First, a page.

In terms of political chaos, Czech Rep is new Italy

Petr Holub
2. 5. 2011 16:41
Czech political instability caused by conflicts between interest groups, weak constitutional framework, and political inexperience
Petr Nečas, PM since 2010. How long will he last?
Petr Nečas, PM since 2010. How long will he last? | Foto: Ludvík Hradilek

Prague - If you were to pick one EU member state that could serve as an example of how a democracy can be malfunctioning, which country would you choose? Italy? Or Belgium?

Looking at the last eight years, it appears that the club of EU countries with chronically unstable politics has a new member: the Czech Republic.

Since 2003, the Czech Republic has had eight governments and six prime ministers. It is more than any other country in the EU. The second is Latvia with the same number of government but "only" five prime ministers. 

Read more: After cabinet reshuffle, Czech gov crisis ends. For now
Read more: Fitch watches if Czech govt crisis will affect reforms

Jan Fisher headed the Czech caretaker government established in 2009, until the legislative election in 2010
Jan Fisher headed the Czech caretaker government established in 2009, until the legislative election in 2010 | Foto: Ludvík Hradilek

According to experts, there are three main reasons behind this. First, Czech prime minister has a weak constitutional role. Second, every government coalition is being torn apart by internal conflicts of interest groups. And, third, inexperienced politicians do not know how to solve political crises.

A new Italy?

Since 2003, most EU countries has had two legislative elections. Because of that, eighteen of them had no more than four governments and three prime ministers in this period

Another seven EU countries, for example Hungary, Rumania, or Belgium, had some serious political problems. In spite of them, they have had no more than five governments in the last eight years.

If the Czech politics retains its current pace and there will be another three governments until 2013,  it will match Italy's record from the second half of the 1990s.

Mirek Topolánek, PM in 2006-2007 and 2007-2009
Mirek Topolánek, PM in 2006-2007 and 2007-2009 | Foto: Ondřej Besperát, Aktuálně.cz

Also, in terms of the number of prime ministers, the Czech Republic may quite easily match Italy's record from the 1980s, when it had eight prime ministers. Since 2001, the Czech executive branch has been ruled, in the chronological order, by Špidla, Gross, Paroubek (all Social Democrats), Topolánek (Civic Democrat), Fisher (caretaker government) and Nečas (Civic Democracy). This means that the Czech Republic is only two prime ministers away from matching Italy's 1980s record.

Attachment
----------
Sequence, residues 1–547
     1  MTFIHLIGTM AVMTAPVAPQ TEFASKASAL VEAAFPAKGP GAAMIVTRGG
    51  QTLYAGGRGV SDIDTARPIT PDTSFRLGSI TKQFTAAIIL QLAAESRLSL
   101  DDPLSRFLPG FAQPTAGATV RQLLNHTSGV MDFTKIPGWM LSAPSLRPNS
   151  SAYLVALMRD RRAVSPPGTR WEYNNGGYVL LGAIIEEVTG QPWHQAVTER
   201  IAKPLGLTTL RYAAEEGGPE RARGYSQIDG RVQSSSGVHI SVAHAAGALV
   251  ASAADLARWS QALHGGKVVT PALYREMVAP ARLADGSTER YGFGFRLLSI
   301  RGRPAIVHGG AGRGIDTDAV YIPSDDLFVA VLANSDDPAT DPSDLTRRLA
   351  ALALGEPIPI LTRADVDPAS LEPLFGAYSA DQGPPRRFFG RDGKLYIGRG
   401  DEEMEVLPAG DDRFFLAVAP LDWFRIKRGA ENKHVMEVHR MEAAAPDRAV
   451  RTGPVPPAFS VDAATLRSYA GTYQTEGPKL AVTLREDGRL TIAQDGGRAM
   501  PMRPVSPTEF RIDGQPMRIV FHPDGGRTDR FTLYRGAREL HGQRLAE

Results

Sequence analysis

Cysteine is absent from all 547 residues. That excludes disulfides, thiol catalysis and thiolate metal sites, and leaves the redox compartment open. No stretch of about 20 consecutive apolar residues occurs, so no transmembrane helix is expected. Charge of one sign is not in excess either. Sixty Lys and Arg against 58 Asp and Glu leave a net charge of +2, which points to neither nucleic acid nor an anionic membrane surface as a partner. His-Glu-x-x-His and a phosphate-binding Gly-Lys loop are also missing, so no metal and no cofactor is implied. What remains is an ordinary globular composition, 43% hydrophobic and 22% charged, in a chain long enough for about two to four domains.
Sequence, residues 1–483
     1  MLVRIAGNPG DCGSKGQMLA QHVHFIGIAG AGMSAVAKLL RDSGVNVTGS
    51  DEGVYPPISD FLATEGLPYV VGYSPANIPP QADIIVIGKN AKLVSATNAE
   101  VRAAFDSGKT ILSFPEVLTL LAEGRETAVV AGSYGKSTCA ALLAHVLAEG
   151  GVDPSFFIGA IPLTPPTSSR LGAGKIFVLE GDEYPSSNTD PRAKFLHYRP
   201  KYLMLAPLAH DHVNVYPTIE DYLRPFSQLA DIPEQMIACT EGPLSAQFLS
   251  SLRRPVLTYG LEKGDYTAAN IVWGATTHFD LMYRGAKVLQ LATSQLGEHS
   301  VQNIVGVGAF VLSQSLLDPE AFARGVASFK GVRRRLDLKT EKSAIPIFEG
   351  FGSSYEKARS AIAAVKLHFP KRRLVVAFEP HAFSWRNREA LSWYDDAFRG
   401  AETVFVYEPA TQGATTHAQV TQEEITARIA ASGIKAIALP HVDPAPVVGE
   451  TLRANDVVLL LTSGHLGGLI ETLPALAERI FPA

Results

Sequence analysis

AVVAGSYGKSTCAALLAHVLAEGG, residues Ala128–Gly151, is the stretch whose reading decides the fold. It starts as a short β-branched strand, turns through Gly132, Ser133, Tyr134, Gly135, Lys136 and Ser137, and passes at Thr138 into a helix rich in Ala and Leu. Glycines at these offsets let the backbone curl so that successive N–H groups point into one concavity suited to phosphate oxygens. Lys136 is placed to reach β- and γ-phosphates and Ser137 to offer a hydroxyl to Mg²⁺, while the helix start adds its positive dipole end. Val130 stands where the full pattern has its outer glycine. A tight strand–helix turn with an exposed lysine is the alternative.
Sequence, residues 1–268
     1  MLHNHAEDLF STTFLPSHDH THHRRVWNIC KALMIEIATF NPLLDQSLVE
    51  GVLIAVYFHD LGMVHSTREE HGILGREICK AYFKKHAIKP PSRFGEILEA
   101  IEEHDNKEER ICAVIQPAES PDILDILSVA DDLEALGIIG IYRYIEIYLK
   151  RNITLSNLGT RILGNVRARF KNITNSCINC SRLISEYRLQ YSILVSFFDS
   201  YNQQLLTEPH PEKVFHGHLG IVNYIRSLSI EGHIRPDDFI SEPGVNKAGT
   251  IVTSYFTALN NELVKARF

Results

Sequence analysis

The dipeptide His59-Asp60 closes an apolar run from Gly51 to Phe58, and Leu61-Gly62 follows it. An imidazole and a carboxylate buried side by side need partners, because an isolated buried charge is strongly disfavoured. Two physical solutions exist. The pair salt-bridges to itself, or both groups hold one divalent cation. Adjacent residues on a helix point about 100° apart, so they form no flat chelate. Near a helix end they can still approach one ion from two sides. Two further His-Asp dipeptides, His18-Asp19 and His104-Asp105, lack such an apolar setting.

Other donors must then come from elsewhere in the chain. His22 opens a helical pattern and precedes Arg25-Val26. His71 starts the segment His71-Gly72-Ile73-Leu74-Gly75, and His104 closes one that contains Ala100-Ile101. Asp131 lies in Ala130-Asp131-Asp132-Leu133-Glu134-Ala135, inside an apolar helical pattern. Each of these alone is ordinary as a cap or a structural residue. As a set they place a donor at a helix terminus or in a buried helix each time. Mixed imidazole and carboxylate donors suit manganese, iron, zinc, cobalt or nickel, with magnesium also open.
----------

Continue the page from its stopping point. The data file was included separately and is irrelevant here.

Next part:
Read more: Czech government seeks support of turncoats to survive
Read more: Czech govt party disintegrates, coalition threatened

Unstable parliamentary majorities

In the EU, political scandals are the most common cause behind governments failing to complete their electoral terms. In the Czech Republic, they caused the fall of Gross and Topolánek's cabinets.

Another important factor are proportional voting systems creating unstable multi-party coalitions. That's why governments change a lot in Denmark, Belgium, and Netherlands. However, the political stability in these countries is maintained by prime ministers capable to create political consensus. Guy Verhofstadt presided three Belgian governments in 1999-2008, Andres Foght Rasmussen ruled three Danish governments in 2001-2009, and Jan Pieter Balkenende was the head of four cabinets in Netherlands in 2002-2010.

Jiří Paroubek, PM from 2005 to 2006
Jiří Paroubek, PM from 2005 to 2006 | Foto: Ludvík Hradilek

The political systems in Latvia and the Czech Republic are similarly unstable. However, in the last years, no prime minister in the Czech Republic was able to survive for more than three years, mostly due to the deep political polarization.

The political instability of the Czech Republic is mostly being explained by the fact that the country's proportional electoral system fails to create solid parliamentary majorities which would enable to form stable governments.